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EW's critics name their favorite Tim Burton films

EW’s critics name their favorite Tim Burton films. See why they love ”Scissorhands,” ”Fish,” ”Ed Wood,” and ”Batman”

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Lisa Picks:
Of all the enchanted collaborations between Tim Burton and his beautiful boy muse Johnny Depp, none is as perfect as the mind meld that brought to life an artificial man with snippers for fingers. And of all the mellifluous partnerships between Burton and his favorite composer Danny Elfman, none matches the rightness of this score. For me, Edward Scissorhands has always been the complete Tim Burton movie: odd and lovely, sad and satiric, elusive and a little lonely, the whole thing sustained with blithe originality.

I’m probably supposed to pick something big and famous here, like Beetlejuice. Instead I’m drawn to the small and shimmering Big Fish, a Burton movie as intimately emotional as it is hugely inventive. The way I see it, the filmmaker has provided a kind of secret decoder ring with which to understand the mysteries of his art: It’s about fathers and sons and the balm of fantasy. Of course.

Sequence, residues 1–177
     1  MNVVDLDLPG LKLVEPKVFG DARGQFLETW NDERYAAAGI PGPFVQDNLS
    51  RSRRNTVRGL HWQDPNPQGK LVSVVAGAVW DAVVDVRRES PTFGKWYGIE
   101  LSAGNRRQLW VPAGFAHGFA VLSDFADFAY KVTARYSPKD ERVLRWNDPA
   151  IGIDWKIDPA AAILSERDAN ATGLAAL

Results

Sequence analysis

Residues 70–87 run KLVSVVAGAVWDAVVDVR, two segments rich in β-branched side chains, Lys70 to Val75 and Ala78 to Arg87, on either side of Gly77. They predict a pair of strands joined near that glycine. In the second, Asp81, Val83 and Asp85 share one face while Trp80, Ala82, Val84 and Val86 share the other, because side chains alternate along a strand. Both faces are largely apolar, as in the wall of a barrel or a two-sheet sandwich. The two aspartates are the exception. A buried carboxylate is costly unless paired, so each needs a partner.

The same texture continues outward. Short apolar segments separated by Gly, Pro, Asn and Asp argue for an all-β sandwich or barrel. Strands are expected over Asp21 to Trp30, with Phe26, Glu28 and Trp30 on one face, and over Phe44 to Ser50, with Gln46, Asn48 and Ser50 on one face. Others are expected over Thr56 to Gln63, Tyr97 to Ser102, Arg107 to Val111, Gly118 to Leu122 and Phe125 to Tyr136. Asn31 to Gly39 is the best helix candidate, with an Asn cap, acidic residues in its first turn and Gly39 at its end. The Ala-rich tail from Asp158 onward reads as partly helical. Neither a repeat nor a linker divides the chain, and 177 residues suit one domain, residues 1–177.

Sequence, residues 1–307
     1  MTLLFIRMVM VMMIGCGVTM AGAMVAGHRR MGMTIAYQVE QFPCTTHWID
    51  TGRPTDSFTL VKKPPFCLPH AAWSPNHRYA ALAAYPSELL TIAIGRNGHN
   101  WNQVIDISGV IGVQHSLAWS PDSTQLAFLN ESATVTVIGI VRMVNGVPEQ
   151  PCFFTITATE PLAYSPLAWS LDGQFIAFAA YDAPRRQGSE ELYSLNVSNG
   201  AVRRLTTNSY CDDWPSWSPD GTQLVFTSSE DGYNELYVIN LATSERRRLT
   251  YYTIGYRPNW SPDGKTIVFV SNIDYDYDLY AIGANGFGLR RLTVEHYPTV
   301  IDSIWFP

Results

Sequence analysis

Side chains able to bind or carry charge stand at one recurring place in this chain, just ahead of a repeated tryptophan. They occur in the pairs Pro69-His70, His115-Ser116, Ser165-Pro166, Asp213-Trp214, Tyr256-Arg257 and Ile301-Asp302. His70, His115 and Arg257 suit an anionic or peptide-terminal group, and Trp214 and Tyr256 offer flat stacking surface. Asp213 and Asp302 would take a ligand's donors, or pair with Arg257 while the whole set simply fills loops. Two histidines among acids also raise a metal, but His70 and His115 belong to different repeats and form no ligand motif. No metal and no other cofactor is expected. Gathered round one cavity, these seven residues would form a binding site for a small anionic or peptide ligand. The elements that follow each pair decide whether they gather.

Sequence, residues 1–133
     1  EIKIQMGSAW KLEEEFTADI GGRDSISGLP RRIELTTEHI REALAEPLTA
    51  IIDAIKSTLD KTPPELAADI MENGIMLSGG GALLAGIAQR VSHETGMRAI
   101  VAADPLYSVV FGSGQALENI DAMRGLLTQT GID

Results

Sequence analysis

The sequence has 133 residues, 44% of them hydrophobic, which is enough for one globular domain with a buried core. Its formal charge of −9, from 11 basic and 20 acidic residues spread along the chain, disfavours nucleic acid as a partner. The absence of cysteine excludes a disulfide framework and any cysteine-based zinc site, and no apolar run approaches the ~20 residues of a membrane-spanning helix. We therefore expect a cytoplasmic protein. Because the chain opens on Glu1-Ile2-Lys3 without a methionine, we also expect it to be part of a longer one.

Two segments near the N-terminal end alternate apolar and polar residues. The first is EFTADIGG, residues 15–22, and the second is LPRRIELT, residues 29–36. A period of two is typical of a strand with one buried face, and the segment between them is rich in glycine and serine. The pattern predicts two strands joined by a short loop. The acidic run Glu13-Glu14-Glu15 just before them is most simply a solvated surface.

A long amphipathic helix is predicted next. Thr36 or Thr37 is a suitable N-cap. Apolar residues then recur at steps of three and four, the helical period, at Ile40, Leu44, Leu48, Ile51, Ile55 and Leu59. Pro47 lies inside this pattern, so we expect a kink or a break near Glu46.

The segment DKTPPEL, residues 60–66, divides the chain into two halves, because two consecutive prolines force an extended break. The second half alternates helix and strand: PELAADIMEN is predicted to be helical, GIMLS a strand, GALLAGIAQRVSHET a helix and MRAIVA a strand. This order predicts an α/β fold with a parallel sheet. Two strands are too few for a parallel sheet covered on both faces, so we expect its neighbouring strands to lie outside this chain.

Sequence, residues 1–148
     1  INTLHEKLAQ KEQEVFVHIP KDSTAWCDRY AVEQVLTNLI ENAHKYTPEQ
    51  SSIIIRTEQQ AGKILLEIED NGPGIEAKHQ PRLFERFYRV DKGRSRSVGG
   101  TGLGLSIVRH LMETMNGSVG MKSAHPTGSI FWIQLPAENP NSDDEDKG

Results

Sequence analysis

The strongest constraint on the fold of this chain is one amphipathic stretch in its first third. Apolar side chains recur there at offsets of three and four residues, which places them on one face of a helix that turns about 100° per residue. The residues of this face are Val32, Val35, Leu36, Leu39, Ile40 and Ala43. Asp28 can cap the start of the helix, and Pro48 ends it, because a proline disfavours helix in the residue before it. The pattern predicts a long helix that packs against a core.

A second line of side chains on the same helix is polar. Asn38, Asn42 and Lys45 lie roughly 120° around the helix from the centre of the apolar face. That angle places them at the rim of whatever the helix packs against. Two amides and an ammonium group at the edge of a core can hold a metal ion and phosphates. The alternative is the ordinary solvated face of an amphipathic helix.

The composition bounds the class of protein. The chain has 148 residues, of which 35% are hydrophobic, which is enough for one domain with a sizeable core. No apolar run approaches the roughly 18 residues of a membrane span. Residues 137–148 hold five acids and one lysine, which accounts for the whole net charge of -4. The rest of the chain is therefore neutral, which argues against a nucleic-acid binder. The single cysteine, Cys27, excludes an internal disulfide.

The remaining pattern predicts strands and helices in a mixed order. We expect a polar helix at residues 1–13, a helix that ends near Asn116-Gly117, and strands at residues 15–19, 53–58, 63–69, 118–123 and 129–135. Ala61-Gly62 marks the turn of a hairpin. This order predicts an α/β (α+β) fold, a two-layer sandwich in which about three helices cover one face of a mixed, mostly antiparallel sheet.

Owen Picks:

In his deepest and most perversely divine film to date, Burton discovers the sublime in the ridiculous, turning his gothic gaze upon the worst filmmaker of all time. In the sleazy shadows of ’50s Hollywood, Edward D. Wood Jr. (Johnny Depp) gathers a stock company of loser-freaks, outs himself as a cross-dresser, and makes horror films so bad that the sets shake. His dialogue for the aging morphine junkie Bela Lugosi (Martin Landau) turns sci-fi gibberish into brain-dead confession, yet Wood, played by Depp as a figure of cockeyed moonstruck fervor, remains as pure of passion as he is bereft of talent.

The camera swan-dives through the electric canyons of Gotham City, as Danny Elfman’s score surges with yummy Wagnerian bombast. Batman, his cape unfurled, sweeps down from the rooftops to fight an evil he might almost share. Burton’s pop-vigilante spectacle jump-started the comic-book genre for the multiplex age, putting forth a lusciously overripe nocturnal grandeur we now take for granted. If Michael Keaton’s Batman is a tad nondescript, that’s because Burton’s truest identification is with Jack Nicholson’s Joker, hooked on the demons within.